“Historically, girls have not been encouraged to pursue sciences but have always been told that science subjects are for boys and difficult, and that girls should stick to simple subjects. Yet there are many young women who have a lot of potential and interest in science subjects,” Mwai said.

“We have been very intentional about supporting young women overall, particularly those in sciences so that they can pursue their studies without any distractions. This way, they can join some of the finest schools both at secondary and tertiary levels,” she said.

Emphasising girls’ education comes with greater returns because when girls are educated, families benefit more. Girls are more likely than their counterparts to raise their family’s income, stay healthy and participate in uplifting their community once they are educated. This is why two-thirds of all the MasterCard Scholars are women— at 66 per cent.

“We believe that women are a living science everyday and once they are able to practise and especially do it in school they are able to contribute even greater in their economies, communities and ideas that will change the world,” Mwai said.

“If you look at AIMS (Africa Institute of Mathematics and Sciences), their catch-phrase is, ‘The next Einstein will be African’; but we like to add, “An African woman” to it”, she said.

The challenge for the Foundation has been finding the right kind of scholars, those who are most vulnerable and yet with so much potential. They facilitate the ability for some partners to hire more people to go to the grassroots and connect with organizations there to go beyond the limited context within which they operate. This means expanding their inclusivity and equity within the programme to reach the populations by cutting across geographic limitations, marginalised people, those with disabilities, gender and bringing in those who would traditionally not be able to access education in sciences.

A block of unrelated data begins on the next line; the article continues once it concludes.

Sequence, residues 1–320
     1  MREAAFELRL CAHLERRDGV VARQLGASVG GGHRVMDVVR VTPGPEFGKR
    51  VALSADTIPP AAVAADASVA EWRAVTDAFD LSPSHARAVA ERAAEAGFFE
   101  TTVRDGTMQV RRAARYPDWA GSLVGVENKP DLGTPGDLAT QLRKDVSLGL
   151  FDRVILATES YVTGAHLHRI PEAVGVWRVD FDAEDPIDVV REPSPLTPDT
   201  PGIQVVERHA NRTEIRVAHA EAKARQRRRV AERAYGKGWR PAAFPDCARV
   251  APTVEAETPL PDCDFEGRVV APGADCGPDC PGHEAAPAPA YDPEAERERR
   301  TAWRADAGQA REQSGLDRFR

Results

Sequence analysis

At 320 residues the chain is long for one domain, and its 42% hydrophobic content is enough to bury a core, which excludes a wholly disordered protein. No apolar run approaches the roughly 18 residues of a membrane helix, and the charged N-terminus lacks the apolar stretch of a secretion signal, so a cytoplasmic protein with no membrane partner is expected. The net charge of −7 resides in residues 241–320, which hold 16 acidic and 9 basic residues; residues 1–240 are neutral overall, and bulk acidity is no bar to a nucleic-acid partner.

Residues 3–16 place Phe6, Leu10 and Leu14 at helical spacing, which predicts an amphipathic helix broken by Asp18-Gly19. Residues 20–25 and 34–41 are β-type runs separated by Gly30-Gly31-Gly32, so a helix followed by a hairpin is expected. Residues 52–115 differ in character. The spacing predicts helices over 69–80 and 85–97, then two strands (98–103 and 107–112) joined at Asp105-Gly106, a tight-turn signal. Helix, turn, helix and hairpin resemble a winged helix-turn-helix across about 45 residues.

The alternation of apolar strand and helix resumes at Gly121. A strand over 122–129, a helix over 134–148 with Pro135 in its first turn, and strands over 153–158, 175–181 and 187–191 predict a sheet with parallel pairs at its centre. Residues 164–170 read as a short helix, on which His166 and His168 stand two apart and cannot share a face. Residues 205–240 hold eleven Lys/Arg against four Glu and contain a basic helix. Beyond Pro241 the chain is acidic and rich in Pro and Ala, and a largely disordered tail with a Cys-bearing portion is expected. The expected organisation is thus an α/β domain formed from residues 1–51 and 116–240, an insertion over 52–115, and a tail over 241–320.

Through supporting the existing programs of their partners the Foundation’s scholars programme enables young women to pursue their education dreams. In Rwanda, they partner with CMU-A (Carnergie Melon University-Africa), AIMS (Africa Institute of Mathematics and Sciences), ALU (Africa Leadership University) and FAWE Rwanda through whom they support over 1200 high school students.

Twenty-four-year-old Rahab Wairimu Wangari is currently a graduate student from Nairobi pursuing a Masters in ICT at CMU-A, Rwanda. Her attitude toward excellence in her studies saw her excel the as best girl performer in Kigema District, Kenya. In 2012, she got a MasterCard scholarship to pursue her Undergrad studies in Computer Engineering at Ashesi University, Ghana.

She has always been intrigued by computers and wanted to be associated with them as apart of her life. “Computers for me are magical,” Wangari said, “because they make me happy.”

“As a young student, I didn’t have the privileges I have today. I watched as my parents struggled to pay my school fees. I was sent home because I hadn’t paid fees and it’s horrible. This was one of my motivations to work hard and excel,” Wangari said.

“For me, going the extra-mile means empowering women. If we encouraged more women to pursue sciences they would do so. The technology sector has very few women and my focus is to increase the numbers of women in tech.

Many times those who are on the margins, academically, perform better than those who come from a well-resourced background, once they get into a high end institution. This is maybe because they have the opportunity to bring out their best, the ambition to push and apply themselves and they take advantage of everything they have to make a difference. Thus, educating transformational leaders starts with making our institutions of learning meaningful and relevant.